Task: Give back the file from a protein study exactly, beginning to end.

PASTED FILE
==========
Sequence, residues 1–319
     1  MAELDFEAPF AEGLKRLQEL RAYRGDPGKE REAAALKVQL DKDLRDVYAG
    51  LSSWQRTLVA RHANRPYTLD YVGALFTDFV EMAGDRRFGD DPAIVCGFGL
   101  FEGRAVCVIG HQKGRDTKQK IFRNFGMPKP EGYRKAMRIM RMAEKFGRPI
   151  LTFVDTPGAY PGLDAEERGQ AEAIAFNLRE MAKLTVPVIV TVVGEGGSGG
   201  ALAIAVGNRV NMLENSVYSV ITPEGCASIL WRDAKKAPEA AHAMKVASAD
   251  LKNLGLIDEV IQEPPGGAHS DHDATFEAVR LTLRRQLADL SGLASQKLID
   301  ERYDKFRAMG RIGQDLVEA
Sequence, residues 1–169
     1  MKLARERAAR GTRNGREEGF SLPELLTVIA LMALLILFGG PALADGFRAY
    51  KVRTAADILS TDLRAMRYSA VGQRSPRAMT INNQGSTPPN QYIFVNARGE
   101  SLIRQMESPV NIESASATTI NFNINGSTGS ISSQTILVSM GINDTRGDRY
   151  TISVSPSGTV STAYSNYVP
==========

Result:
Sequence, residues 1–319
     1  MAELDFEAPF AEGLKRLQEL RAYRGDPGKE REAAALKVQL DKDLRDVYAG
    51  LSSWQRTLVA RHANRPYTLD YVGALFTDFV EMAGDRRFGD DPAIVCGFGL
   101  FEGRAVCVIG HQKGRDTKQK IFRNFGMPKP EGYRKAMRIM RMAEKFGRPI
   151  LTFVDTPGAY PGLDAEERGQ AEAIAFNLRE MAKLTVPVIV TVVGEGGSGG
   201  ALAIAVGNRV NMLENSVYSV ITPEGCASIL WRDAKKAPEA AHAMKVASAD
   251  LKNLGLIDEV IQEPPGGAHS DHDATFEAVR LTLRRQLADL SGLASQKLID
   301  ERYDKFRAMG RIGQDLVEA
Sequence, residues 1–169
     1  MKLARERAAR GTRNGREEGF SLPELLTVIA LMALLILFGG PALADGFRAY
    51  KVRTAADILS TDLRAMRYSA VGQRSPRAMT INNQGSTPPN QYIFVNARGE
   101  SLIRQMESPV NIESASATTI NFNINGSTGS ISSQTILVSM GINDTRGDRY
   151  TISVSPSGTV STAYSNYVP